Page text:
ACLU Accuses Trump Admin Of Using DNA Tests To Slow-Walk Family Reunifications

LOS ANGELES, July 2, 2018 -- People protest in front of a detention center of U.S. Immigration and Customs Enforcement in downtown Los Angeles, the United States, on July 2, 2018. Seventeen protesters were arrested when they rallied outside the detention center on Monday. (Xinhua/Zhao Hanrong)
Xinhua News Agency/Xinhua News Agency

In a filing in federal court on Tuesday, the American Civil Liberties Union accused the Trump administration of unnecessarily delaying the reunification of immigrant children and parents — arguing that the government’s practice of DNA testing every family violates their privacy and civil liberties, slows down the reunifications, and is not required either by law or by current circumstances.

Since a federal court first ordered the government in late June to reunite all of the roughly 3,000 families separated under Trump administration’s “zero tolerance” policy, the administration has claimed that the two-week timeline for returning children younger than five has forced it to subject all parents and children to cheek-swab DNA tests, which take at least a week for a private contractor to process. The administration says its usual procedure of verifying parentage through documents and interviews is too slow.

The administration is also arguing that federal anti-trafficking laws require both stringent parental verification and criminal background checks to determine whether a parent is “fit” to be reunited with his or her child. Both are time-consuming processes that caused the administration to blow past the July 10 deadline for the first reunifications.

The ACLU disagreed with these assertions, arguing in a new court filing that “the Government should not be allowed to delay reunification to conduct procedures that would not have been used if the child had not been forcibly taken from the parent.”

As lawyers challenging the family separations have argued repeatedly in court, the Trafficking Victims Protection Act (TVPRA) the administration is citing was not intended to apply to children taken from their parents by the U.S. government. Rather, it was drafted to protect children who came to the U.S. unaccompanied and who needed to be released to a relative or other sponsor.

The law’s vetting procedures, the ACLU argued Tuesday, do not justify keeping children under five away from their parents a single day longer.

“The purpose of the TVPRA is to promote the best interests of the child and to reunite families,” they wrote. “Delayed reunification, especially for babies and toddlers, is not in the best interests of the child.”

Genetic Material

Much of the ongoing disagreement between the ACLU and the Trump administration around how and when to reunite the immigrant families has centered on the thorny question of DNA testing.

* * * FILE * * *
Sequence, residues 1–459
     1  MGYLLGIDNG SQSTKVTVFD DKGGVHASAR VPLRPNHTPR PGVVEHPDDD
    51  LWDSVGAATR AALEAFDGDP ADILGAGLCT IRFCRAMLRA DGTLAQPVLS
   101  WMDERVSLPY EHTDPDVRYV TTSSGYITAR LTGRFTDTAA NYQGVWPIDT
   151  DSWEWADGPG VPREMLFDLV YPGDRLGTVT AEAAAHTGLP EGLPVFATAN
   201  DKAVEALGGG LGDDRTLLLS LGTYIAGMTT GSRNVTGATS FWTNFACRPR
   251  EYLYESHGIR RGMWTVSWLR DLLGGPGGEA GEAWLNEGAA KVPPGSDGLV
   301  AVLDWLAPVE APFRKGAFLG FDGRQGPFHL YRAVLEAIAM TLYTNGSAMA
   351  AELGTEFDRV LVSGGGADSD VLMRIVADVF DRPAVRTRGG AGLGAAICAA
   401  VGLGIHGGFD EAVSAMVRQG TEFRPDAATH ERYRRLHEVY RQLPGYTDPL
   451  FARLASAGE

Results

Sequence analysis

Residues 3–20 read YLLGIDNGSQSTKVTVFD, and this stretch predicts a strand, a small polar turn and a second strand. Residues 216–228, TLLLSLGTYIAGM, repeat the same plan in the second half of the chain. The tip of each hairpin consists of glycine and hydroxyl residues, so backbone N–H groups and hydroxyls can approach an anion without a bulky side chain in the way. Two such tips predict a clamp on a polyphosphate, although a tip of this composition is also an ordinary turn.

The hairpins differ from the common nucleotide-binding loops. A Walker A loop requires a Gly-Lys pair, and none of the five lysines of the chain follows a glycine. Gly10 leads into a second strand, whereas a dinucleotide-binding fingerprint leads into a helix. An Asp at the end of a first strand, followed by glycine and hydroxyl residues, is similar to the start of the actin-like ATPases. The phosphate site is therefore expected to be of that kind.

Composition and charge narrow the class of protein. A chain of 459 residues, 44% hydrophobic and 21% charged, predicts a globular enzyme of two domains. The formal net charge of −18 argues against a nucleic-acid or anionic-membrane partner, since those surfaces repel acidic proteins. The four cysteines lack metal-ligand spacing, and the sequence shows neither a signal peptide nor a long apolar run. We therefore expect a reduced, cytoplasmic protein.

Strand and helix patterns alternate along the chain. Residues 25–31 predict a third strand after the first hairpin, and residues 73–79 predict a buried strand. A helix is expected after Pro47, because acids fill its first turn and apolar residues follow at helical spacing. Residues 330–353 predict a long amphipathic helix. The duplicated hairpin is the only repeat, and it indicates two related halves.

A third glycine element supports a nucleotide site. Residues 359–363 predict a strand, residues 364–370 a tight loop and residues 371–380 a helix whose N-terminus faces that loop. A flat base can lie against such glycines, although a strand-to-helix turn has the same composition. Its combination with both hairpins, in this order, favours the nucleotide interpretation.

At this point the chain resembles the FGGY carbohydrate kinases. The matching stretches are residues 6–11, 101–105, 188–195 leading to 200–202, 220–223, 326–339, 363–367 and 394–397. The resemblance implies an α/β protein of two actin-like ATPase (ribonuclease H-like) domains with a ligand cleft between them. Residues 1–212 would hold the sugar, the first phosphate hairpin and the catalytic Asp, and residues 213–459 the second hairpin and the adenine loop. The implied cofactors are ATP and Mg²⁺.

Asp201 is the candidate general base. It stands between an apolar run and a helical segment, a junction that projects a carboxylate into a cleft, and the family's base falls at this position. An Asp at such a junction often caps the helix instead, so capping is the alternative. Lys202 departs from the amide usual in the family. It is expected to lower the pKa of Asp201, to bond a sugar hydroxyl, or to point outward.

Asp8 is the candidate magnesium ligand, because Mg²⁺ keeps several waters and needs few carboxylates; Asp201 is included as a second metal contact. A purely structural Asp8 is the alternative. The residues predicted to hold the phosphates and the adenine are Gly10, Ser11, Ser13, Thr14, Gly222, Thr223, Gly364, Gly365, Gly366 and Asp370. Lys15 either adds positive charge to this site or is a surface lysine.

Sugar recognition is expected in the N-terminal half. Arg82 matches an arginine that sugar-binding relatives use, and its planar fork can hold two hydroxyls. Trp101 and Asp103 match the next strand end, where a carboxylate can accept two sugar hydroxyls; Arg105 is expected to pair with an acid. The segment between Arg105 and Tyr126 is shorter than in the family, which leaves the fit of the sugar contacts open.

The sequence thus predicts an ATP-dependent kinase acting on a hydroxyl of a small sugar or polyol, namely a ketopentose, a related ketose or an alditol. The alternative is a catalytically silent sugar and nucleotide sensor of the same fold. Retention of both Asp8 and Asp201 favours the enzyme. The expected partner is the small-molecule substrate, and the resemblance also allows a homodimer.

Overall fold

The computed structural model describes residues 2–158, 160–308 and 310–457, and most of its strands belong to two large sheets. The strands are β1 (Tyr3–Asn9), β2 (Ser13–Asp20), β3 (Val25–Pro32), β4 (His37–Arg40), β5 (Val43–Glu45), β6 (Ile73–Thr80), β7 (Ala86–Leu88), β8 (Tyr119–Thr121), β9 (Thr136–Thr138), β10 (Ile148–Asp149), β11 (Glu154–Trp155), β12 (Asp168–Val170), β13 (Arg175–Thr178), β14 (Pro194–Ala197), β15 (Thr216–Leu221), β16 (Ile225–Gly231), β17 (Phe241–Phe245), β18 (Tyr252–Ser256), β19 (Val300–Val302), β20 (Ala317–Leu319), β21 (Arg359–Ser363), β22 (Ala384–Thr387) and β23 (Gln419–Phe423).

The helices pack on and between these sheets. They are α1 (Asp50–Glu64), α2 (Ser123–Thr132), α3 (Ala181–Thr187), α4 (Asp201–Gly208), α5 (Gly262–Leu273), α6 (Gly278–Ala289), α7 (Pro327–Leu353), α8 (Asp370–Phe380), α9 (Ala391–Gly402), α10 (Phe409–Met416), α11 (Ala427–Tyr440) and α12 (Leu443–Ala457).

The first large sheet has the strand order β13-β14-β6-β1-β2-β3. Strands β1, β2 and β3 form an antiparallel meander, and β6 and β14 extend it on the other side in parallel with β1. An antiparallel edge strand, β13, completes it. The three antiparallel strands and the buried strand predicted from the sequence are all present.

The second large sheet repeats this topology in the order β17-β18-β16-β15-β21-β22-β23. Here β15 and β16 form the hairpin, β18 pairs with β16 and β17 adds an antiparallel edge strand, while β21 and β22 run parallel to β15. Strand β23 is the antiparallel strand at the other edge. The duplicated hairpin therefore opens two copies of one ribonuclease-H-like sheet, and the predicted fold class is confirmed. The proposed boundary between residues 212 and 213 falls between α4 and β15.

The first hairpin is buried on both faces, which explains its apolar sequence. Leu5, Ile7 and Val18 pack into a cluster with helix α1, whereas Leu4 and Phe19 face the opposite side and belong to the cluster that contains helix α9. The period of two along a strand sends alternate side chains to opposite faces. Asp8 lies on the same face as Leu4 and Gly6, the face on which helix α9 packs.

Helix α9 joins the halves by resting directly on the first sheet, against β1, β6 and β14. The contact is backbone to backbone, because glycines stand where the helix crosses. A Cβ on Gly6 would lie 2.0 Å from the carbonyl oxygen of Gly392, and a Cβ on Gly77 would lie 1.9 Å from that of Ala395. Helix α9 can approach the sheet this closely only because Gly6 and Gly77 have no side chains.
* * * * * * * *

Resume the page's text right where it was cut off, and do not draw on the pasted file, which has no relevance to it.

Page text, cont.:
The Trump administration’s Department of Health and Human Services, which currently has custody over thousands of separated children, says that while its usual practice is to verify family relationships through interviews and documents, the court’s timeline does not give it time to do so.

“HHS believes that, to reliably verify parentage and to do so within or close to the Court’s deadlines, HHS must be able to use DNA testing generally to determine parentage,” the administration wrote to the court on Tuesday. “Many potential plaintiffs do not have adequate documentation, and HHS does not control how fast other countries’ consulates will provide documentation.”

The administration claims that the DNA testing is further necessary because “children are smuggled across the border or trafficked by adults who fraudulently or inaccurately hold themselves out as parents.” Yet in the example the administration provides in the filing, three adults who were traveling with and separated from children younger than five who were not their own voluntarily disclosed that they were not the children’s biological parents. They were not, the ACLU emphasizes in a footnote, outed with DNA testing.

In the filing, the ACLU argues that the DNA tests should only be used as a last resort after the government has attempted to find “documentary, testimonial, or other evidence of parentage,” and in cases where there is reason to suspect that the person from whom the child was taken is not his or her parent.

“It is inherently coercive for the Government to require parents to submit to DNA testing to get back the children that were unlawfully taken from them,” ACLU attorneys wrote. “Parents should not have to sacrifice their privacy rights, and face the risk of having their DNA information collected in a Government database, to be reunified with their children.”

Additionally, the ACLU argued, the Trump administration should not automatically deny reunification to families that do not genetically match.

“The lack of a DNA match is not conclusive proof of the lack of a parent-child relationship, in recognition that many parents are not the biological parents of their children,” they write. “For example, some parents may not be aware that they have no biological relationship to their child in cases of undisclosed rape or adultery.”

As they prepare to go back before Judge Dana Sabraw in San Diego on Tuesday to iron out their significant remaining disagreements, the two sides proposed a compromise agreement that stipulates that “the federal government will not use the DNA samples or test results for any purpose besides verifying parentage, and will ensure that the DNA samples and test results are destroyed afterwards.”

Read the full filing below:

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